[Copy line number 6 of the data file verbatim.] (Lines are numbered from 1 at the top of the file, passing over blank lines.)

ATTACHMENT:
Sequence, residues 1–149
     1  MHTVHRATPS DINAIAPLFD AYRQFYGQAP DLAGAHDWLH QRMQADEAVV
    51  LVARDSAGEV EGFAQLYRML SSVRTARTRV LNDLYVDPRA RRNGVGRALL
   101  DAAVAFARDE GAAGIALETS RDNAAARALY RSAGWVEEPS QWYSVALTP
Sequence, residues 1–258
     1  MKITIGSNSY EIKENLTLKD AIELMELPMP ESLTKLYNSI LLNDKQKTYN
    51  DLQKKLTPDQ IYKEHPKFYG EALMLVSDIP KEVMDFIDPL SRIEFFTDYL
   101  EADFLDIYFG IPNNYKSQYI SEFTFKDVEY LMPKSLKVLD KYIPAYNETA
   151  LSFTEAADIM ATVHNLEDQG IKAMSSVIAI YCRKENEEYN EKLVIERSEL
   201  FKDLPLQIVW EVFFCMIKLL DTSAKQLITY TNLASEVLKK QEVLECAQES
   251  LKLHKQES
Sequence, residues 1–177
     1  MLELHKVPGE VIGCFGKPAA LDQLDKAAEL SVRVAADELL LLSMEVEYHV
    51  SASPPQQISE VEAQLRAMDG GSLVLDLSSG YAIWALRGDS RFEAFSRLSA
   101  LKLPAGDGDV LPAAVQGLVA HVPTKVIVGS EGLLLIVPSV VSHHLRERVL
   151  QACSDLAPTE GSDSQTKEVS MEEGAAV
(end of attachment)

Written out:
     1  MKITIGSNSY EIKENLTLKD AIELMELPMP ESLTKLYNSI LLNDKQKTYN